When it was first invented, scientists believed DEET worked by blocking mosquitoes olfactory receptors for a substance found in human sweat and breath that attracts the pests (yummy, right?). Current research suggests, however, that the bugs just simply don’t like the smell.
Current research also suggests that DEET can cause serious health issues like seizures, insomnia, skin irritation, headaches, mood swings and nausea. In fact, Health Canada has banned the sale of any bug repellent that contains more than 30% DEET as an ingredient.
Which begs the question: if the effectiveness of DEET lies in its ability to repel mosquitoes because of its odor, why wouldn’t you use a natural, safe alternative with the same properties?
One of the safest and most effective ways to protect yourself against mosquito bites is by making your own essential oil mosquito spray.
Not only will you know exactly what’s being absorbed into your skin every time you spray, you’ll be able to control the smell too (there’s nothing worse than that sticky, chemical-y smell most store-bought sprays leave on your skin and clothes).
Homemade bug sprays are actually quite simple to make. You need only to visit your local health or beauty shop to pick up a few choice essential oils and a spray bottle or two and you’re set! First, here’s a list of the common flowers and herbs known to repel mosquitoes- these are the essential oils you’ll want to buy.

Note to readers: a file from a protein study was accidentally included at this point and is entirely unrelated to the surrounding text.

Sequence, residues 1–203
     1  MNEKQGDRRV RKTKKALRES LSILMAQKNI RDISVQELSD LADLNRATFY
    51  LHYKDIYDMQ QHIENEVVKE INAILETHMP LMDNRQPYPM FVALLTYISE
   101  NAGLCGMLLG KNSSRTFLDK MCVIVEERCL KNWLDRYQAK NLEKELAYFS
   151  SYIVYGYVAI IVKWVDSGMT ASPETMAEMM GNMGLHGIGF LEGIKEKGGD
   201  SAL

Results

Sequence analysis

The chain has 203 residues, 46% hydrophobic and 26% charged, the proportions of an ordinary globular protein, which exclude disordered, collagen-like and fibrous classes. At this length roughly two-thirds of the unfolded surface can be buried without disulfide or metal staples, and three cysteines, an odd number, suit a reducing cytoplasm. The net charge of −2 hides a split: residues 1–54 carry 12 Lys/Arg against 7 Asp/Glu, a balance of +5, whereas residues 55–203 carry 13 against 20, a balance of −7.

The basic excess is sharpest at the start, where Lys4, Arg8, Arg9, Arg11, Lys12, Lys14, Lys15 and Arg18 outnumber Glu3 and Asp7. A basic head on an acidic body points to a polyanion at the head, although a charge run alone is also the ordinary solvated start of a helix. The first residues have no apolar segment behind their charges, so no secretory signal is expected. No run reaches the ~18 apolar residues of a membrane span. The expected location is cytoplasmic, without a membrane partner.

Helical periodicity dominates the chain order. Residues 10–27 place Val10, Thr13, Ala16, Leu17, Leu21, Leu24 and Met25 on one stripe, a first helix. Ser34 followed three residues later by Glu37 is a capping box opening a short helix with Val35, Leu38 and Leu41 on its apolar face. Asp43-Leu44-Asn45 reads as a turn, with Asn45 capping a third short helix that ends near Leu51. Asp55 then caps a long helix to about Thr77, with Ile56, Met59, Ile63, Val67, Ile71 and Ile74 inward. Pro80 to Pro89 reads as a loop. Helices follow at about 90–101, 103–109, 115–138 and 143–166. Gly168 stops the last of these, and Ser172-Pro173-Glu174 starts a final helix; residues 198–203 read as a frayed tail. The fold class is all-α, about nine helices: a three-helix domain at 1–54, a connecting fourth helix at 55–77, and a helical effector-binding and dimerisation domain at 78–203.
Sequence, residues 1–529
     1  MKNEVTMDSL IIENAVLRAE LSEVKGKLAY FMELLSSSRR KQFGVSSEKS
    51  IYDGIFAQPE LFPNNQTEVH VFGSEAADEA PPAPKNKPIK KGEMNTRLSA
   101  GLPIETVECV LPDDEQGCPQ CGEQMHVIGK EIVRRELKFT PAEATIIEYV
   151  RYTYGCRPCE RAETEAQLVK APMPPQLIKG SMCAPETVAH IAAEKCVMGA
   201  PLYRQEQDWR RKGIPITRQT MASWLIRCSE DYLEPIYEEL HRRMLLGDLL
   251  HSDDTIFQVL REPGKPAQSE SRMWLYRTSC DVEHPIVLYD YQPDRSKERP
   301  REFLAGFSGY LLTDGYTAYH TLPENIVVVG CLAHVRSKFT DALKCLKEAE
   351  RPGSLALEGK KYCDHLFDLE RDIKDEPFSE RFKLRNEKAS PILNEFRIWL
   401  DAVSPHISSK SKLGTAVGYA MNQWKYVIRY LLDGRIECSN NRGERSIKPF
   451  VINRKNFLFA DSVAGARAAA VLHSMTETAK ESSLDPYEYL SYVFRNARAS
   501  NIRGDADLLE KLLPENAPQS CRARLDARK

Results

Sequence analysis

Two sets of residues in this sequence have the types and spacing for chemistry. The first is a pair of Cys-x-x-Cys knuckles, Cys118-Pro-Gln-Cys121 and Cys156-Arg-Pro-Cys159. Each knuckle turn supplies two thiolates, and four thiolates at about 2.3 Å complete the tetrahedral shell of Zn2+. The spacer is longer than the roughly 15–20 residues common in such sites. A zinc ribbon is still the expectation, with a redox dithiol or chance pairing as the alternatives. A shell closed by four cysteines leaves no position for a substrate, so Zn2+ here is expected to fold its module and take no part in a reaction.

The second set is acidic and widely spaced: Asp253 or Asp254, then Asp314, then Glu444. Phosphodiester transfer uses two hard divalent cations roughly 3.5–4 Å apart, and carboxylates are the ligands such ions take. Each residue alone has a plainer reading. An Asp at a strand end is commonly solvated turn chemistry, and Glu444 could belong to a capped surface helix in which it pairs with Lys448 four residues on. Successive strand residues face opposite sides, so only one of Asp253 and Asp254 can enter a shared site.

Now for the fun part: mixing up your homemade mosquito spray!
Beth, author of the blog Tasty Yummies, put together a super-effective and easy recipe.
Or try this one from the ACHS Health and Wellness Blog
For both, combine all ingredients into a dark, glass spray bottle and shake well. Makes 4 ounces.
Garlic Spray for Mosquitoes from Doug’s Green Garden
Crush several cloves of garlic in a pot of water; simmer to soften garlic and release the essential oils into the water. Strain the mixture well into a dark, glass spray bottle. Use as a natural bug repellent on your body or in your garden.
Flies buzzing in your home and around your picnic tables can be just as annoying as mosquitos (though significantly less itchy). If you need natural ways to rid your space of those bothersome winged invaders, try planting some of these herbs, flowers and plants in your garden or in pots on your windowsill.
If you’re looking to really secure your home and garden’s mosquito-repellent borders, you can double up on your natural mosquito repelling forces. In addition to your natural bug repellents, try making a few of these homemade mosquito traps to place around your backyard: hang them in trees, keep them under your stairs and place them around light sources.
The Survivalist Blog put together quick-and-easy directions using ingredients and materials you probably already have laying around your house!
Change the solution every 2 weeks for best results.
That’s a lot of new recipes, tips and tricks to add to your warm-weather outdoor survival guide (you can put these essential oil mosquito spray recipes right next to your fool-proof margarita recipe…just don’t get the two confused).
Of course, as with all homemade health and beauty products, be sure to test your creations on a small patch of skin before spraying it all over your body. Likewise, be sure to monitor how you’re faring, bite-wise, while outside with your new DIY mosquito repellent on. You may need to switch up some ingredients or tinker with the amounts to find the most effective recipe for your skin!